Storm in Sahara sends dust to UK

31 03 2014

Red dust covering cars in the south this weekend was blown in from the Sahara Desert.  A large amount of sand and dust was swept up by storm winds in the desert, around 2000 miles away in northwest Africa. The airborne particles were blown north to the UK where they combined with our warm air and were deposited during showers.

Paul Hutcheon at the Met Office said “We usually see this happen several times a year when big dust storms in the Sahara coincide with southerly winds to bring that dust here. More dust rain is possible during showers expected later this week.”

Saharan dust is lifted by strong winds and can reach very high altitudes; from there it can be transported worldwide by winds, covering distances of thousands of kilometers. The dust gets caught in rain droplets in clouds, falling to the ground in rain. When the water evaporates, a thin layer of dust is left on surfaces, like cars. It can also lead to vivid sunsets.

Generally winds of more than 20 miles per hour are needed to lift sand at the Saharan Desert has been experiencing some gale force winds (over 40 miles per hour).

Saharan dust is also a contributing factor to air quality in addition to pollution levels and weather conditions.



The dust, shown in pink within the red circle, is carried within clouds, shown in red, to the UK, where it falls within rain showers.

Dust storm brings Saharan sand to the UK

28 06 2012

Many people across parts of the UK have noticed a layer of light dust on their cars or other surfaces over the past couple of days, but how did it get here?

A big dust storm in the Sahara, around 2,000 miles away, is to blame.

Late last week the storm swept up a large amount of sand and dust from the western Sahara up into the atmosphere.

It then spread westwards out over the Atlantic before getting caught up in southerly winds, dragging it north over Spain before it arrived over the UK mixed up in the warm and humid air which has brought thunder storms and heavy rain to the country.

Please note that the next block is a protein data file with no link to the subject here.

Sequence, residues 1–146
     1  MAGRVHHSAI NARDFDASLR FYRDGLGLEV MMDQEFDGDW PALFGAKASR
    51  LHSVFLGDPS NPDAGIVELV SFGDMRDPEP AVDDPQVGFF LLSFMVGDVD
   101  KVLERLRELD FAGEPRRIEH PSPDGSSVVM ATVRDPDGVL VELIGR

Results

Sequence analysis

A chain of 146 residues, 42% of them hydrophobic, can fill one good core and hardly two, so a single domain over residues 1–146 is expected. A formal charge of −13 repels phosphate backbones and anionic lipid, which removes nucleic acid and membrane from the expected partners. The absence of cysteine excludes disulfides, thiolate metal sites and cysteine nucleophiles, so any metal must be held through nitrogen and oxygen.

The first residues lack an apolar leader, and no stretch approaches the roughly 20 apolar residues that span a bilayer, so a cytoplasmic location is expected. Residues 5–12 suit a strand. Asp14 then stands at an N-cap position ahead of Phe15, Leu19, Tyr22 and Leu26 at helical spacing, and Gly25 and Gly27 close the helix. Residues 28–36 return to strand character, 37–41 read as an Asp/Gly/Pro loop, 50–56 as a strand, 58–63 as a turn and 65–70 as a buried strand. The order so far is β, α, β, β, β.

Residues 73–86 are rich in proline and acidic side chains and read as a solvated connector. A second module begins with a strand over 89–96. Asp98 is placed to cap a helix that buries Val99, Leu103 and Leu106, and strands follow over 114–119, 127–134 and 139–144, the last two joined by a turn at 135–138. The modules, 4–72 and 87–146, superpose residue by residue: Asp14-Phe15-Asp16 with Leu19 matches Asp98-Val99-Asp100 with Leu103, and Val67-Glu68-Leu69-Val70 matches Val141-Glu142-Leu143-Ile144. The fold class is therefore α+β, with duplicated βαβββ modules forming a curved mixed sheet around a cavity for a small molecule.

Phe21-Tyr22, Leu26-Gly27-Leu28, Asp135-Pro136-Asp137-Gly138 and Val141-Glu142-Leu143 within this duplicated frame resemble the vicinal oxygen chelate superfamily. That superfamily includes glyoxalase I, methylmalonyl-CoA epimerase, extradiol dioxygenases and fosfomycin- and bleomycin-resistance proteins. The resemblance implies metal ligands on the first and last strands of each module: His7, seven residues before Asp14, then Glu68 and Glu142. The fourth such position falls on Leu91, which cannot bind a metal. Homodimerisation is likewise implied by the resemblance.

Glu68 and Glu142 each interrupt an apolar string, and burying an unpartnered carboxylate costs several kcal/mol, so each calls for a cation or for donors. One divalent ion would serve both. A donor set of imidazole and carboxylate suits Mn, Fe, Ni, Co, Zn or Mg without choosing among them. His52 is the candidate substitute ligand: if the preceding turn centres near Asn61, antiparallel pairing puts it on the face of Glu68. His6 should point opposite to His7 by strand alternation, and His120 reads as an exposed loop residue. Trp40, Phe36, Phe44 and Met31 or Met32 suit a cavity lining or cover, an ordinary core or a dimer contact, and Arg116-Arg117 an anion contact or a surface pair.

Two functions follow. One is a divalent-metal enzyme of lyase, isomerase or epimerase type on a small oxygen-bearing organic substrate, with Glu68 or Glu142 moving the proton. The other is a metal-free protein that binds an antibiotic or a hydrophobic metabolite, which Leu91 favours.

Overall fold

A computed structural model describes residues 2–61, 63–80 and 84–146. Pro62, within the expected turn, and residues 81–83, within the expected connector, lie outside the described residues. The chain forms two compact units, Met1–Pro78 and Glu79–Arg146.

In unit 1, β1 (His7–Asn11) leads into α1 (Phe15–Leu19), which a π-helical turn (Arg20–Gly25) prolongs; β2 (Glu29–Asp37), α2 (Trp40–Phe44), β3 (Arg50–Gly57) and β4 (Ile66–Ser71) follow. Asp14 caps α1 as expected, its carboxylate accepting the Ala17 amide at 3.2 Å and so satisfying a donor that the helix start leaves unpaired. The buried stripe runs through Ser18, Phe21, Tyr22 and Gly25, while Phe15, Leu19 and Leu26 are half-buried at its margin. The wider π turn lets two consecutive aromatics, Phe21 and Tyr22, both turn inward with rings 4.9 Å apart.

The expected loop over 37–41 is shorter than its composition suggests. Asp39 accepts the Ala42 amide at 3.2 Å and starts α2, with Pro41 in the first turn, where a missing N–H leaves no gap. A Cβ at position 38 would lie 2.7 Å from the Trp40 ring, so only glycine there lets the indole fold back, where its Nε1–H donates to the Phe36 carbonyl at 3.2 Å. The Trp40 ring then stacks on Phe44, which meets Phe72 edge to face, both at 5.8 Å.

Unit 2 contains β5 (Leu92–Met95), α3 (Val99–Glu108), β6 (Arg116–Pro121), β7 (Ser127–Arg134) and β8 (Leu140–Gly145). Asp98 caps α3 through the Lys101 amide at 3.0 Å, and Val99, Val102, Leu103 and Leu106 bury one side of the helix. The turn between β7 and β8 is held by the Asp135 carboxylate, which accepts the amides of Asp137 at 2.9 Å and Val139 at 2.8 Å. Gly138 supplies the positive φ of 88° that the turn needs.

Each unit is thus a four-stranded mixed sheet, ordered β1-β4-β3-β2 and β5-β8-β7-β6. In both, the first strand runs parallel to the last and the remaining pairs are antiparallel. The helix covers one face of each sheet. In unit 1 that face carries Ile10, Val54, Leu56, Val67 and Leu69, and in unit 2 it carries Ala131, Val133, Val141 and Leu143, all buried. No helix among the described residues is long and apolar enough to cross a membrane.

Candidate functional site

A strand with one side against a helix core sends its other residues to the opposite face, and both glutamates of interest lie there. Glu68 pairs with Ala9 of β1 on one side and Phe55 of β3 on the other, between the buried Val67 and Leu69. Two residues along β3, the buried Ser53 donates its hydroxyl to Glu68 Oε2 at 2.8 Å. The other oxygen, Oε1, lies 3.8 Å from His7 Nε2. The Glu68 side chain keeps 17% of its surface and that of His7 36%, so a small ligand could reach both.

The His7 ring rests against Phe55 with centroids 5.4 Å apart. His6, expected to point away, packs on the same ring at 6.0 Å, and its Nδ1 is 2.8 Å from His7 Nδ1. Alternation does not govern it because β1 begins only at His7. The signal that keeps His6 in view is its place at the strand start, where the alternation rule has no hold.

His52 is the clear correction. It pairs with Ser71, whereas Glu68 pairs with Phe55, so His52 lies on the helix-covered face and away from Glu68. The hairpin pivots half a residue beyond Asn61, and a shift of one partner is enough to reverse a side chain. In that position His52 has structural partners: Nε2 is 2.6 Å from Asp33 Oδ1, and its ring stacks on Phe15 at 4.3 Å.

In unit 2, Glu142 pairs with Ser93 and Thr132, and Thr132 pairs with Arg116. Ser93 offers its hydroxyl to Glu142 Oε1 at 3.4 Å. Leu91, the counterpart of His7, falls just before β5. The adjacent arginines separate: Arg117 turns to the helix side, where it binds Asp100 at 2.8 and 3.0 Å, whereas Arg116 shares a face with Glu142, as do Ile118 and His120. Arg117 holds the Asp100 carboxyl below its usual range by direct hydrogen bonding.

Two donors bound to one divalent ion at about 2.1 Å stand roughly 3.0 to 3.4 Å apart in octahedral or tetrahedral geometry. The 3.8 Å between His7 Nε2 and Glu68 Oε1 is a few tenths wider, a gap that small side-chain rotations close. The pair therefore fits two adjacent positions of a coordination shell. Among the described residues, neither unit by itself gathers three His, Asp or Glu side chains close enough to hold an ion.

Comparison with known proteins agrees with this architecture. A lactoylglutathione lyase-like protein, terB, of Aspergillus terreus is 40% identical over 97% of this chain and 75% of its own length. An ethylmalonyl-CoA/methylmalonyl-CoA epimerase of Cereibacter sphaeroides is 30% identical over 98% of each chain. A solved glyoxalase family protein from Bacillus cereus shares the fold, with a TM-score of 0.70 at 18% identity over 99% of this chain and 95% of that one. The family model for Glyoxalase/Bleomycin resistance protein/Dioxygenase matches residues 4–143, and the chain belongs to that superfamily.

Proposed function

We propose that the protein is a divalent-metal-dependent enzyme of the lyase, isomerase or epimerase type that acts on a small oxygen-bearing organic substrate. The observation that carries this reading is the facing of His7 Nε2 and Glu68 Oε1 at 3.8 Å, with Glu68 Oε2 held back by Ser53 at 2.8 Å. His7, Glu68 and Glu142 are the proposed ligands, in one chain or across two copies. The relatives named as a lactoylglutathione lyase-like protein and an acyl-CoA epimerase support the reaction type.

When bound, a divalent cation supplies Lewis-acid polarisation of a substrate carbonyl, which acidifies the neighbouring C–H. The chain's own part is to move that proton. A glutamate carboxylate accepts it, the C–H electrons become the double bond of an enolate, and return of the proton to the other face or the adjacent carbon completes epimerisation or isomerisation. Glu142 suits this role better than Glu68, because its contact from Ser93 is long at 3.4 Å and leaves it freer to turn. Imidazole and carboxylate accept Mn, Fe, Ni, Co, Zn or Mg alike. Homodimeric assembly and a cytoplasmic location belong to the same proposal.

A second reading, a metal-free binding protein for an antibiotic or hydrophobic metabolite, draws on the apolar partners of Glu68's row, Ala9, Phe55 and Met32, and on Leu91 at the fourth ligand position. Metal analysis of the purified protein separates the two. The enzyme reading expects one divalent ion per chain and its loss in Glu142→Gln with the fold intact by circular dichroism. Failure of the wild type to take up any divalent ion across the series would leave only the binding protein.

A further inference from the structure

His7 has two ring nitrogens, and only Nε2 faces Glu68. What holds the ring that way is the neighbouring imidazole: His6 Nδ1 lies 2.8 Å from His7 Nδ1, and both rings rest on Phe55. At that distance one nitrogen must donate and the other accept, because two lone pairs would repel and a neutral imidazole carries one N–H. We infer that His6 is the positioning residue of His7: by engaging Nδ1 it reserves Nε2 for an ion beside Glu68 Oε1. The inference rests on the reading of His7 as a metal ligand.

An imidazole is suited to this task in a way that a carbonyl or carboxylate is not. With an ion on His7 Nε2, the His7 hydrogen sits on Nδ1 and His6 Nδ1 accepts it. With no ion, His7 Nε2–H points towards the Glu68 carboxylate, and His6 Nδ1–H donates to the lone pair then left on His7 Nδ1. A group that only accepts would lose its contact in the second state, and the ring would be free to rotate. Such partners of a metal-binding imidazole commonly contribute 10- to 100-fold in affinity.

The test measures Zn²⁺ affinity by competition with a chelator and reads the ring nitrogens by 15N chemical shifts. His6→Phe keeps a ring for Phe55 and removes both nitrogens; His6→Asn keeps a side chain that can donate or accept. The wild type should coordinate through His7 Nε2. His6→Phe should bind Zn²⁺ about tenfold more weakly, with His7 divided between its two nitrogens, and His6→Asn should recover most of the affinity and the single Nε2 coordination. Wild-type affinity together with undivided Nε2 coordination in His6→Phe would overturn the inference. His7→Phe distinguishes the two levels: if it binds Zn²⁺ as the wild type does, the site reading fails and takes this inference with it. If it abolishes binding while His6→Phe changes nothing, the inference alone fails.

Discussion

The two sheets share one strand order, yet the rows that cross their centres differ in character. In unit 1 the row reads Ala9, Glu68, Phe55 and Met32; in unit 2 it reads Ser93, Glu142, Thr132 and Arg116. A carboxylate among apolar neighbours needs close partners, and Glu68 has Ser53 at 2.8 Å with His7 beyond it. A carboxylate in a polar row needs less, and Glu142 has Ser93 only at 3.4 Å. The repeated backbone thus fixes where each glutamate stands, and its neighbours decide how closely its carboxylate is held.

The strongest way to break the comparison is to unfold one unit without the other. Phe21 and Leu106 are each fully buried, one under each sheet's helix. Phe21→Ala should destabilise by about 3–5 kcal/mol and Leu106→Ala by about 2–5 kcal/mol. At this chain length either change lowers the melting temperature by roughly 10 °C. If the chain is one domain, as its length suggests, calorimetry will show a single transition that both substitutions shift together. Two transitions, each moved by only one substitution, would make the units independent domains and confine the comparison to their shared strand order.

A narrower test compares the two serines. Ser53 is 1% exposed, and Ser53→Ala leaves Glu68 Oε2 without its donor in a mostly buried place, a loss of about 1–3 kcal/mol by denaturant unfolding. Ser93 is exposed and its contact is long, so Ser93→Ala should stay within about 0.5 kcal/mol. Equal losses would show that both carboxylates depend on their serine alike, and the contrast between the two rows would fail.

The dust can get caught up in the rain droplets in clouds, which then fall to the ground. When the water evaporates, a thin layer of dust is left on surfaces, like cars.

Many people noticed this in the South West of the UK yesterday, with the dust then spreading north and east overnight to bring it to a much wider area.

Paul Hutcheon, Deputy Chief Forecaster at the Met Office, said: “We usually see this happen several times a year, particularly in summer when you get these big dust storms in the western Sahara and the southerly winds to bring that dust here.

“This event was a very well-marked example, as you can clearly see the dust as it moves from the Sahara to the UK in the satellite imagery.”

The satellite animation above shows the dust as a bright pink blob over Africa at the start of the sequence, which then moves north over to the UK – initially arriving over the South West, but then moving north and east. You can clearly see the dust-laden airmass of warm and humid air, with a marked boundary to the clear air from a cold front to the west.

Saharan dust heads for the UK

8 04 2011

A wind storm that developed over northwestern Africa on the 3rd and  4th April left a legacy of Saharan dust in the atmosphere over parts of Western Europe.

Gusty winds reached 50mph at times over southern Morocco and western Algeria on Sunday and Monday, with the shifting sands of the Sahara thrown into the atmosphere as the sandstorms affected much of the region.

By midweek, the low pressure system that brought poor visibility to parts of Saharan Africa moved away south and weakened – but only after sand particles had been lifted into the air.

South easterly winds over the Sahara took the air borne sand particles eastwards and off the Atlantic coast of Africa. Once here, the Saharan dust was eventually blown by south westerly winds that often cross the Atlantic Ocean and towards the UK.

With conditions over the UK mainly settled thanks to high pressure over the country, dust carried from distant southern shores is stalling over the southwestern approaches of the British Isles at a height of between five and ten thousand feet.

The satellite animation above shows the dust as a bright pink blog over Africa at the start of the sequence, which then moves north to the west of Portugal.  At the end of the sequence the dust stretches from Biscay to Brittany and into some western parts of the UK, with the highest concentrations passing over Cornwall. This is expected to give vivid sunsets here for a time until the dust disperses over the coming days.

Satellite image showing the Saharan dust to the south west of the the UK at 1100 GMT on Friday 8th April (source: Dundee SatelliteReceiving Station)


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